Many uses the Thunderbird email client, that's why this has to be setup beforehand. As far as extras goes, the full fledged Linux versions, such as Linux Mint MATE/Cinnamon/KDE or Ubuntu/Kubuntu, these comes with a lot of software pre-installed & ready to go. Though this would require an upgrade to 1GB RAM for best results. Most of these will run on your computer as is, but will be so slow that you'll be discouraged, exactly what I don't want to see & why I suggest an Xfce version, where you can add what you need. Plus these also comes with software included, just not as much as the full fledged versions. 

 

To sum it up, you have options, though they're limited. However, you can still find a quality distro with that amount of RAM. If it'll run a very bloated XP, there's Linux options for you. With a RAM upgrade, even more. 

 

One thing that I'd like to remind you of, there's no such thing as a 'dumb' question in this Linux forum. Your concerns are ours, and though you may have to wait a few hours for an answer, rest assured, someone will do their best to address any questions you have. Another is that each & every one of us were where you are at this very point, with lots of concerns, some even skeptical of Linux. I know that I was, as the first time I tried it, used the WUBI installer & with a cleaning app (don't use 'cleaners' on a Linux OS), wiped out the XP bootloader, and though I was able to boot into a Ubuntu install that was running inside of XP, has no access to XP. I didn't know back then what I do now, would have fixed this with a partition tool.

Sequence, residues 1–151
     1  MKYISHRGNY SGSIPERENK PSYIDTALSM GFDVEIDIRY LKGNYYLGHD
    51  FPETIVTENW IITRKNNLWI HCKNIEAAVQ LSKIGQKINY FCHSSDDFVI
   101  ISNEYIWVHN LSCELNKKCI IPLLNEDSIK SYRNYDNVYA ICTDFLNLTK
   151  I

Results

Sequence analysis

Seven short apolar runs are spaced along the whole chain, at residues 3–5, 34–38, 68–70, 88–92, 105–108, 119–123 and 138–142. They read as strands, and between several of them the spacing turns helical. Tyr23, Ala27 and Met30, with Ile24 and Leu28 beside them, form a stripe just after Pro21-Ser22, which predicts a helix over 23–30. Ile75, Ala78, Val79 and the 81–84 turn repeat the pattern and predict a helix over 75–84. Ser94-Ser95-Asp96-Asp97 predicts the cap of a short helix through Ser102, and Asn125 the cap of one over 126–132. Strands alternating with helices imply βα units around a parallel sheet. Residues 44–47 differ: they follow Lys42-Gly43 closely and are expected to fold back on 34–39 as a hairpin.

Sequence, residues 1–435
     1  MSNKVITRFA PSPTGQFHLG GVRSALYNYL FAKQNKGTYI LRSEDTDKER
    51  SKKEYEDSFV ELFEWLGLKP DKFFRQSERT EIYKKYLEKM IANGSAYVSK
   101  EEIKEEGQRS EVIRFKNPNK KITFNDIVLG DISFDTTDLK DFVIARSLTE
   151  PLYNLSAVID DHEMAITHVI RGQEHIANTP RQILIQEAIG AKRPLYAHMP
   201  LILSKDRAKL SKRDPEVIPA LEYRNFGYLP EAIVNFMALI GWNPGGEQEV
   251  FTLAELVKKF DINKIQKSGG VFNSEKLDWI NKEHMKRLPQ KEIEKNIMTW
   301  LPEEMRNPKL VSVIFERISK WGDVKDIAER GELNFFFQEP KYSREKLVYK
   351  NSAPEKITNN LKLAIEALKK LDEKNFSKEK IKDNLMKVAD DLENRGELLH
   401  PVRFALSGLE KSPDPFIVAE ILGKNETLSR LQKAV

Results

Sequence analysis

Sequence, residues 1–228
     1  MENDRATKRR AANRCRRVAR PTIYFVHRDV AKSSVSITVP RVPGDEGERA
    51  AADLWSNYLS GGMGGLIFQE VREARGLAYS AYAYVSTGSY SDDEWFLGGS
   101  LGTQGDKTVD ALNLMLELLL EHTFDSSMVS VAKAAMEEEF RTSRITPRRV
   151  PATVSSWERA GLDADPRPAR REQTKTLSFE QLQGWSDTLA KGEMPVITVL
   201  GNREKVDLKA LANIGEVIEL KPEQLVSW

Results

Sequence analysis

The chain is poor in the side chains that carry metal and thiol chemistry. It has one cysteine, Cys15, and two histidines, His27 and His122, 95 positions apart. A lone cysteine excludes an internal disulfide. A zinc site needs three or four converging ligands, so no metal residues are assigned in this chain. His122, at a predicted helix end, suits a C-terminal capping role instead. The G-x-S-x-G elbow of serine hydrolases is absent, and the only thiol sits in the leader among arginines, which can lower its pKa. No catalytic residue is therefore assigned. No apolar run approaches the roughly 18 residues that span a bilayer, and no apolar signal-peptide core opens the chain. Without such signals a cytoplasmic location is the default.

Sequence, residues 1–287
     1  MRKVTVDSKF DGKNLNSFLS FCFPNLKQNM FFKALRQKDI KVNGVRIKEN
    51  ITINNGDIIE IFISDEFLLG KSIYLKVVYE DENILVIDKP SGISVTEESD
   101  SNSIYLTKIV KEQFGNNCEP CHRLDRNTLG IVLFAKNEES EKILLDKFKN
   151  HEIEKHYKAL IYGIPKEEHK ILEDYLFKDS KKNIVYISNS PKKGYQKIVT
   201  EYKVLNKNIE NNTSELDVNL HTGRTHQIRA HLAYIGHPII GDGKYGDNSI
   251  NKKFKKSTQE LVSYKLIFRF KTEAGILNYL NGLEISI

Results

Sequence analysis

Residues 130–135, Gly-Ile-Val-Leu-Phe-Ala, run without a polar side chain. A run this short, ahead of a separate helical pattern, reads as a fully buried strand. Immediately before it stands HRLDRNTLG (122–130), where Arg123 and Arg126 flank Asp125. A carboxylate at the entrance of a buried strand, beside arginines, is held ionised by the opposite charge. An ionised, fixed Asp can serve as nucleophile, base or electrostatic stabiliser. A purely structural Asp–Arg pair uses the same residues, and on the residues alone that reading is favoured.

These type of things comes from experience, the more you run the OS, the more you'll learn & want to learn more. Linux is also very secure, though you don't need to purchase anything for it's robust security. Linux OS's also are enjoyable ones to run & learn. If you figure in all of the maintenance needed to upkeep Windows, which you don't have to on LInux, you'll find the needed time to learn. Most Linux OS's are self-maintaining, other than backups, you'll have to do very little. 

 
Good Luck with your Linux journey, as you'll likely need to try more than one OS before settling on a final one, and we'll do our part to help all that we can. :thumbup2:
 
Cat

Performing full disc images weekly and keeping important data off of the 'C' drive as generated can be the best defence against Malware/Ransomware attacks, as well as a wide range of other issues.